Ben Simmons (Kelly Kline/Under Armour)

Ben Simmons proves he’s No. 1 in 2015 with Thursday night’s performance

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NORTH AUGUSTA, SC — Entering July there was a debate surrounding the No. 1 overall player in the 2015 class.

With one performance at the Nike Peach Jam on Thursday night, 6-foot-9 forward Ben Simmons ended that debate.


The native of Australia scored 21 points (8-for-11 from the field) and added seven assists, four rebounds, three steals and a block as his E1T1 squad knocked off CP3 in a pool play contest.

But the double-digit win in a circus-like atmosphere that included a standing-room only crowd — and featured the opposing team’s NBA superstar namesake sitting on the bench — isn’t what really mattered here. The LSU commit showcased his unique versatility and skill level in the win and Simmons easily would have had a double-double if his teammates consistently knocked in the open layups and three-pointers that he created.

After watching top ten prospects like Jaylen Brown and Diamond Stone play very well earlier in the day at the Under Armour Association Finals in Suwanee, Simmons took their strong efforts and easily trumped it on Thursday night.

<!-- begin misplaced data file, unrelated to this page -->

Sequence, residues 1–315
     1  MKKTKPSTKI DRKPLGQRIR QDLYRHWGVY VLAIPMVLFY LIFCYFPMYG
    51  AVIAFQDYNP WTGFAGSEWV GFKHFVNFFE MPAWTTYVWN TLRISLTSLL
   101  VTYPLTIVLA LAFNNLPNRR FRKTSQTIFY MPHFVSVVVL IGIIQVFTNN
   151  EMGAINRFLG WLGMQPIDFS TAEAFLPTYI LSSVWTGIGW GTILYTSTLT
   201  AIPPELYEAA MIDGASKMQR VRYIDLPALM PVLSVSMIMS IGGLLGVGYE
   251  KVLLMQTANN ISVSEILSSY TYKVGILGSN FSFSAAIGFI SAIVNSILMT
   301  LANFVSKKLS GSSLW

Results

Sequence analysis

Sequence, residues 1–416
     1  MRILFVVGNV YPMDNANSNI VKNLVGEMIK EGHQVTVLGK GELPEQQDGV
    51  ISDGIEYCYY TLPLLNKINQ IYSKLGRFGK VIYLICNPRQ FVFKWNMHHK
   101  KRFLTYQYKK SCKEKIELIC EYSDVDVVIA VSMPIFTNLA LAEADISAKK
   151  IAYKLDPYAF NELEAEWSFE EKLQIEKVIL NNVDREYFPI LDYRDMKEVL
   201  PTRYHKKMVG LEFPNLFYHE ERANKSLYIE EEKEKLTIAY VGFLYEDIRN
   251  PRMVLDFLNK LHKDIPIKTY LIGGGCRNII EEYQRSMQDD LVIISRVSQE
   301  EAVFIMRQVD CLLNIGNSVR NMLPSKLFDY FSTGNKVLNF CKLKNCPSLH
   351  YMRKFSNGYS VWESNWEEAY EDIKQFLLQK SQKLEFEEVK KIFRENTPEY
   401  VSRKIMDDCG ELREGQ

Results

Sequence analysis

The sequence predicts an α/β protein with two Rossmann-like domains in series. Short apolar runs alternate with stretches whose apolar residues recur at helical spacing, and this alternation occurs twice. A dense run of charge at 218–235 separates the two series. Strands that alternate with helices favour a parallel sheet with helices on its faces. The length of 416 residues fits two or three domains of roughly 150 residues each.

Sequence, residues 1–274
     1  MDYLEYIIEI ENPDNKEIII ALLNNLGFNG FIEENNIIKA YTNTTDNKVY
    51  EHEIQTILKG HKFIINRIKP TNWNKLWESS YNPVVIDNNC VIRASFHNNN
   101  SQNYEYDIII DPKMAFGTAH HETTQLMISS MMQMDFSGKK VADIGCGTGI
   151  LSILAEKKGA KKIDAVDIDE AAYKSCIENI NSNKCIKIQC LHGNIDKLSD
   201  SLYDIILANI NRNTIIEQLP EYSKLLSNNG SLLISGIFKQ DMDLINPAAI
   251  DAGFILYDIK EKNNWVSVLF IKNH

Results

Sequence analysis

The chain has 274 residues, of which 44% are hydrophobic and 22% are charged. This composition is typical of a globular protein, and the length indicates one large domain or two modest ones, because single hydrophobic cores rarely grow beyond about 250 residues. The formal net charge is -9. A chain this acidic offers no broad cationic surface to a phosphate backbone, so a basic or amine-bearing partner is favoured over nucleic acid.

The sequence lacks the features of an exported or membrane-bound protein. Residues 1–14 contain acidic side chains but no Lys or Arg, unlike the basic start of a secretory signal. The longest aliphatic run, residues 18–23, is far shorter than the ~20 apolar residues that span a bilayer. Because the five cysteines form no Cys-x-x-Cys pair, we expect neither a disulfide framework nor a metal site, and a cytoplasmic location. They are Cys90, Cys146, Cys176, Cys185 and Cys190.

There’s just no question that he’s the No. 1 player in the 2015 class.

“In my eyes I’m No. 1 all the time. I’m not going to going to say, ‘this kid’s better than me,’ but in my heart I think I’m the best,” Simmons told

Simmons throws crisp passes with both hands, handles the ball incredibly well for a forward and often brings the ball up the floor. He’s a mismatch on nearly every single play. Simmons even calls himself a point forward when he’s asked to label his game and he takes an immense amount of pride in his passing ability.

“That’s how you play the game; that’s how you play the game,” Simmons said of his passing. “You see the Spurs did it, and we won with Patty Mills and Baynes and Australian players, but that’s how you play the game.”

Although E1TI beat CP3 and Class of 2016 five-star forward Harry Giles on Thursday — and the highly-touted head-to-head matchup, was seen by nearly every major head coach and media outlet in the country — Simmons downplayed his individual performance in lieu of team success.

“With this tournament… you’re just trying to win,” Simmons said. “You’re not focused on individuals. I want to be there in the end holding the trophy up.”

That’s what separates Simmons from his peers. It’s not that his peers don’t care about winning as much as Simmons, but they don’t have the versatility to help their team win like the Aussie does.

Jaylen Brown is a power wing with an emerging perimeter skill set, Malik Newman is an undersized scoring guard and post players like Stone, Cheick Diallo and Ivan Rabb all have holes in their games.

But right now, Ben Simmons is the most complete high school basketball player in America and he’s the clear leader in the clubhouse for the No. 1 spot.

Rutgers hoping new duo can bring a spark

of the Ohio State Buckeyes against the Rutgers Scarlet Knights during their Big Ten conference game at Rutgers Athletic Center on February 8, 2015 in Piscataway, New Jersey.